automated puzzle solving solution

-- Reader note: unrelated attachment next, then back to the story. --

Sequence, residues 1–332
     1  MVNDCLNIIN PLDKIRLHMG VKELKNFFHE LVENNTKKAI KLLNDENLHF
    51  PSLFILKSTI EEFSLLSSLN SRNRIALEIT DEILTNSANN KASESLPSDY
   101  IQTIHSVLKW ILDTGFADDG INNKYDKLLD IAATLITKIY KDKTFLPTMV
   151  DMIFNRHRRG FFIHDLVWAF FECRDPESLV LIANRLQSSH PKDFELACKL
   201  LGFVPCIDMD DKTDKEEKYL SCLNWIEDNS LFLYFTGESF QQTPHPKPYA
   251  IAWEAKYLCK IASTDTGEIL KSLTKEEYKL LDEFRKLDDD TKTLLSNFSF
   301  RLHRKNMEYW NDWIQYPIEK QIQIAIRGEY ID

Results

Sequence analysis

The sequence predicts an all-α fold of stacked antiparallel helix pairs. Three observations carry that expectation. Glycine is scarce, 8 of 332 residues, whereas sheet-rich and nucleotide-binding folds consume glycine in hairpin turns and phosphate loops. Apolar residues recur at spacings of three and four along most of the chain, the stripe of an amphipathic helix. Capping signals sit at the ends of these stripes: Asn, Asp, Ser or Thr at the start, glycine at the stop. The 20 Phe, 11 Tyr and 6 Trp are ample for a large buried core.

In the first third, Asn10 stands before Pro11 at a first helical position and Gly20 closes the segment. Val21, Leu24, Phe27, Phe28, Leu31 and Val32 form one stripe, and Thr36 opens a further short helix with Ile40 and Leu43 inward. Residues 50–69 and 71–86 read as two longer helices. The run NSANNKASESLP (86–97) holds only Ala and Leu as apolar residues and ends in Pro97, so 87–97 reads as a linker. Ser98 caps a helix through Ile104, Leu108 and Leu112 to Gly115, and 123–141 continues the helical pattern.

Puzzle solving is a typically human activity that, in recent decades, is being explored in the context of computers. There are two bene ts to this: rst, we can o -load some puzzle-solving tasks to computers, and second, we may understand human puzzle-solving better by studying how to implement it on a computer. This assignment investigates a class of puzzles that have the following features in common: full information: all information about the puzzle con guration at any given point is visible to the solver; there are no hidden or random aspects well-defined extensions: a de nition of legal extensions from a given puzzle con guration to new con gurations is given well-defined solution: a de nition of what it means for the puzzled to be in a solved state is given These features are common to a very large class of puzzles: crosswords, sudoku, peg solitaire, verbal arithmetic, and so on. This assignment generalizes the required features into an abstract superclass Puzzle, and solving functions are written in terms of this abstract class. Once this is done, particular concrete puzzles can be modelled as subclasses of Puzzle, and solved using the solving functions. Although there may be faster puzzle-speci c solvers for a particular puzzle by knowing speci c features of that puzzle, the general solvers are designed to work for all puzzles of this sort. abstract Puzzle class The abstract class Puzzle has the following methods, which are not implemented, but meant to be implemented in subclasses: is solved: returns True or False, depending on whether the puzzle is in a solved con guration or not extensions: returns a list of extensions from the current puzzle con guration to new con gurations that are a single step (\move") away fail fast: returns True or False, depending on whether it is clear that the current puzzle con guration can never be completed, through a sequence of extensions, to a solved state And that's it. Notice that there is no init method, since the representation and initialization of puzzles in this class vary widely. Each subclass will need an init method to represent a particular puzzle. 1 sudoku This puzzle commonly appears in print media and online. You are presented with an n  n grid with some symbols, for example digits or letters, lled in. The symbols must be from a set of with n symbols. The goal is to ll in the remaining symbols in such a way that each row, column, or pn pn subsquare, has each symbol exactly once. In order for all of that to make sense, n must be a square integer such as 4, 9, 16, 25, ... You may want to read more about sudoku to get a feel for the puzzle. We provide you with a mostly-implemented SudokuPuzzle subclass of Puzzle. We, however, did not override the fail fast method inherited from Puzzle, and you should be able to do better. Implement fail fast for sudoku by having it return True for, and hence abandoning, any sudoku con guration where there is at least one empty position that will be impossible to ll because the set of symbols has been completely used up by other positions in the same row, column or subsquare. Experiment to see whether this makes any di erence in the performance of solver(s) for sudoku. peg solitaire This puzzle has gone by various names: Hi-Q, peg solitaire, solo noble, and patience, and has been around for several hundred years. You are presented with a grid where most positions are occupied by a peg, marble, or other movable piece. The object is to \jump" a piece over a neighbouring piece and into an empty position, allowing you to remove the piece that was jumped over. A successful game leaves only one piece on the board. Boards come in various shapes of grid. We will assume that some portion of an m  n grid is used, that some positions may be unused (no pieces may be placed there), some positions begin with pieces in them, and that a few (often just one) position is left empty to allow jumping. You can see various versions of peg solitaire on the web. We provide you with the class declaration and init method for subclass GridPegSolitairePuzzle of Puzzle. You will override the extensions and is solved methods for this subclass, which make it possible for the solvers (which you'll also write) to solve it. A legal extension of a GridPegSolitairePuzzle is a new con guration that you can get to in a single jump. The puzzle is solved when a single peg is left. We do not require you to override the fail fast method, although you are welcome to see whether you can come up with one that improves performance. word ladder This puzzle involves starting with from word, from a set of allowed words, and deriving to word from the same set of allowed words, by changing one letter at a time. Each changed letter must result in a word that is is from the same set of words. Here's an example, assuming that the set of words is a rather large set of English words provided to many computer applications. The goal is to get from cost to save cost ! cast ! case ! cave ! save We provide you with the class declaration and init method for subclass WordLadderPuzzle of Puzzle. You will override the extensions and is solved methods for this subclass. A legal extension of a WordLadderPuzzle is a new con guration where the from word di ers by a single letter from the previous from word. A WordLadderPuzzle is solved when the from word is the same as the to word. 2 We don't require you to override the fail fast method, although you are welcome to see whether you can come up with one that improves performance. mn puzzle Sometimes called the 15-Puzzle, Boss Puzzle, or Game of 15, this puzzle consists of a 4  4, 3  3, or (in general) an mn, grid with one empty position. A player must swap symbols with the empty position until they get the entire puzzle into the correct order. We provide the class declaration and init method for subclass MNPuzzle. You will override is solved and extensions methods to allow the solvers to solve this puzzle. The puzzle is solved when the con guration is the same as the supplied target con guration. Legal extensions of a con guration swap the empty space with either the symbol to its right, the symbol to its left, the symbol above it, or the symbol below it. We don't require you to override the textbffail fast method, but you are welcome to see whether you can design one that improves performance. searching One approach to solving a puzzle is to systematically search for a solution, starting from the current con guration. To make this daunting task even possible, we have to be sure that we have a systematic way of checking out puzzle con gurations, and that we don't re-visit the same con guration twice. You will implement two standard systematic searching techniques. We are well aware that plenty of code and pseudo-code for these are \out there" on the web, so you have to be very careful you are giving credit for any ideas you recycle, in order to avoid an academic o ense. depth-first search As the name suggests, you search deeply before you search broadly. 1. don't bother with any puzzle con guration if it's been seen before 2. check whether the current puzzle con guration is solved; if so you're done; otherwise... 3. for each extension of the current puzzle con guration, make that extension the current puzzle con guration and return to step 1 Notice how this process unwraps. You check a con guration, then one of its extensions, then one of the extension’s extensions, and so on. That means that if a con guration has several extensions, you will be checking every possible chain of extensions from one of them before you check the others. Notice also that if there are no extensions, step 3 is empty. You will implement depth rst solve following this strategy. You are welcome to read material on depth rst search, but be aware of several things:  the return type for depth first solve is a PuzzleNode1 that must be the rst node in a path of PuzzleNodes that lead from the given con guration to a solution  give credit for ideas from the web that you recycle, so you won't be guilty of an academic o ense. 1PuzzleNodes are de ned in puzzle tools.py 3 breadth-first search As the name suggests, you search broadly before you search deeply. 1. skip any puzzle con guration that has already been seen 2. check whether the current puzzle con guration is solved; if so you're done, otherwise 3. check whether any extensions of the current puzzle con guration are solved; if so you're done, otherwise 4. check whether any extensions of extensions of the current puzzle con guration are solved; if so you're done, otherwise 5. ... Notice how this approach examines con gurations that are \closer" to the starting con guration before it examines those that are \farther." This may be useful for nding a shortest solution to a puzzle. You will implement breadth rst solve following this strategy. You are welcome to read material on breadth- rst search, but be warned:  the return type for breadth first solve is a PuzzleNode that is the rst node in a path of PuzzleNodes from the current puzzle con guration to a solution  give credit for ideas from the web that you recycle, so you won't be guilty of an academic o ense starter code You'll nd the following les, with associated tasks, in Starter. Leave the class declarations, init methods, and the if name == ” main :” block as you nd them: we have veri ed that neither PyCharm2 nor PEP8 disapprove of them. puzzle.py Read and understand the Puzzle class. sudoku puzzle.py Read and understand the SudokuPuzzle class, then override the fail fast method inherited from Puzzle. grid peg solitaire puzzle.py Read the init method, then override the extensions and is solved methods inherited from Puzzle. word ladder puzzle.py Read the init method, then override the extensions and is solved methods inherited from Puzzle. mn puzzle.py Read the init method, then override the extensions and is solved methods inherited from Puzzle. puzzle tools.py Read and understand the PuzzleNode class, then implement module-level functions depth first solve and breadth first solve.